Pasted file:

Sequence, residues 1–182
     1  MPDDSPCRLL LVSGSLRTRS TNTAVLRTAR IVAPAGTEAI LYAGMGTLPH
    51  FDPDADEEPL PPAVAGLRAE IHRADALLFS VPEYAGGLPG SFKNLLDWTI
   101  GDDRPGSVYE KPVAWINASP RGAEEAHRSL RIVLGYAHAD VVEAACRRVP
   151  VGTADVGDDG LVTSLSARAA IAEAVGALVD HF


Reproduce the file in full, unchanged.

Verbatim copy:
Sequence, residues 1–182
     1  MPDDSPCRLL LVSGSLRTRS TNTAVLRTAR IVAPAGTEAI LYAGMGTLPH
    51  FDPDADEEPL PPAVAGLRAE IHRADALLFS VPEYAGGLPG SFKNLLDWTI
   101  GDDRPGSVYE KPVAWINASP RGAEEAHRSL RIVLGYAHAD VVEAACRRVP
   151  VGTADVGDDG LVTSLSARAA IAEAVGALVD HF